April 22, 2016 23:13 by Dan
Recently, a reader wrote in and asked what steps would be necessary to include a “Directions” link with each marker in the map so that, when clicked, the user would see the driving directions from the address they entered and the store of interest. I decided to update the ASP.NET MVC application to include this new feature request. Now, the results page shows a “Directions” link in both the grid of nearby stores and in the info window that pops up when you click a map marker. Clicking the “Directions” link opens a new browser window and loads Google Maps, showing the directions from the user-entered address to the selected store’s address.
To show the driving directions I send the user to the following URL: http://maps.google.com/maps?f=d&source=s_d&saddr=startingAddress&daddr=destinationAddress.
When the user is sent to the store locator page, the user-entered address (a/k/a, the starting address) is passed through the querystring via a field named Address, so we already know the starting address. But how do we get our hands on the destination address? Recall that view is passed a model that is a collection of NearbyStoreLocation objects; the NearbyStoreLocation class has properties like Address (the street address), City, Region, PostalCode, and so forth. We can build up the address by concatenating these various address parts.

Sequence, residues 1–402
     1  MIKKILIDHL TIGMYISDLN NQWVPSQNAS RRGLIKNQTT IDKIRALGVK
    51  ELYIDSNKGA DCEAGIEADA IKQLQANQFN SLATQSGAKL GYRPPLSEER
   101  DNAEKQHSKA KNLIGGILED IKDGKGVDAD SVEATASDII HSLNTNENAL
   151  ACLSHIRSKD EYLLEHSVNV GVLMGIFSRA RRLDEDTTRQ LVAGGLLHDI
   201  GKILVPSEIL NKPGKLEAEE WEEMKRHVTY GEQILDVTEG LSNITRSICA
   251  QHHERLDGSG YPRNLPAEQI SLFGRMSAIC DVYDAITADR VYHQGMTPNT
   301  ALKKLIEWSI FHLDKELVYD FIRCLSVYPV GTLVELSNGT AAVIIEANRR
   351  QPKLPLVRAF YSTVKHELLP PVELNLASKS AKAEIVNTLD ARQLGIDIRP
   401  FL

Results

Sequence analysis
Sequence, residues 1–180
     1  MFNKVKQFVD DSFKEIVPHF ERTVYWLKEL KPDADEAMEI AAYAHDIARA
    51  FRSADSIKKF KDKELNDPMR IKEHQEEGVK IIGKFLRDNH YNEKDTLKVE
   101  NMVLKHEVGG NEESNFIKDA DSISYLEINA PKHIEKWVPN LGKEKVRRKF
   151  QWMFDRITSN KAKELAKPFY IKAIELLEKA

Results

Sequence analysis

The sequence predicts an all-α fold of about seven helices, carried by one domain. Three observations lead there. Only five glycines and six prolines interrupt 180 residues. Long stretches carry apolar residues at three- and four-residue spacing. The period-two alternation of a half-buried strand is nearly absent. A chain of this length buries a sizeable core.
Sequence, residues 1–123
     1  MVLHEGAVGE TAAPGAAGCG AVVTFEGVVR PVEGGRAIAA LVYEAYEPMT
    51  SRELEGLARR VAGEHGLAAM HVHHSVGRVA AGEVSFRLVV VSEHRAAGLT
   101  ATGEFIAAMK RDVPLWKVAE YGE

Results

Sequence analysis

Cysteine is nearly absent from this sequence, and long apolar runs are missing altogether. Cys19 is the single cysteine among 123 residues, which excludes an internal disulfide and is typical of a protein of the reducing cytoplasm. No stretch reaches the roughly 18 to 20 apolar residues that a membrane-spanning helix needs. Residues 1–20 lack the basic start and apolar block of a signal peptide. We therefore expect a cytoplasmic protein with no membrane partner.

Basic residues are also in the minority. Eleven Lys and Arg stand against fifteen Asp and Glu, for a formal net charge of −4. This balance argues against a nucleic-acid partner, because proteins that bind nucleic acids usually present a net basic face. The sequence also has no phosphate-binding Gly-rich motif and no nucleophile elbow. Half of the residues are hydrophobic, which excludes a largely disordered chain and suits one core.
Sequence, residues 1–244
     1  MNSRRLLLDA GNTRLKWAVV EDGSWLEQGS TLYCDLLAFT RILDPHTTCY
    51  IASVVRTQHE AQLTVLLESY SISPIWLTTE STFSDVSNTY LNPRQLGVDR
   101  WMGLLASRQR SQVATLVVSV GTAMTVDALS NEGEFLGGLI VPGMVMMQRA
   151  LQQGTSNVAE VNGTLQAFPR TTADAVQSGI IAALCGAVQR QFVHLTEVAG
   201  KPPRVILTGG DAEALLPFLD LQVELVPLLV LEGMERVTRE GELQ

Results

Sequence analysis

Rather than requiring the view to build up the address, I added a new read-only property to the NearbyStoreLocation class named FormattedAddress, which returns an address Google Maps can parse by piecing together the address-related properties into a string.
public string FormattedAddress
var addrPieces = new List<string>(5);
return string.Join(", ", addrPieces.ToArray());
In the view, the link to the directions can be build like so:
<a target="_blank" href="http://maps.google.com/maps?f=d&source=s_d&saddr=<%=Server.UrlEncode(Request.QueryString["Address"]) %>&daddr=<%=Server.UrlEncode(store.FormattedAddress) %>">Directions</a>
And that’s it! Adding the Directions link to the info popup window is a tad more involved because the quotation marks must be escaped using \”. Happy Programming!
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November 22, 2013 10:10 by Mike
Partial view is like a regular view with a file extension .cshtml. We can use partial views in a situation where we need a header, footer reused for an MVC web application. We can say that it’s like a user control concept in ASP.NET. Here I am going to explain how to create a partial view in an MVC 4 ASP.NET application.
First add a view to the shared folder with the view name _Product. The best way to create a partial view is with the name preceded by '_', because the name specifying that it is reusable.
Here in this example, I am using the partial view to display the item selected in the webgrid.
Layout = null;
<meta name="viewport" content="width=device-width" />
We can call the partial view in a normal view like:
Html.Partial returns a string, Html.RenderPartial calls Write internally, and returns void. You can store the output of Html.Partial in a variable, or return it from a function. You cannot do this with Html.RenderPartial because the result will be written to the Response stream during execution. So @html.RenderPartial() has faster execution than @html.Partial() due to RenderPartial giving quick response to the output.
We can call the partial view if the grid has a selected item. The code block is shown here: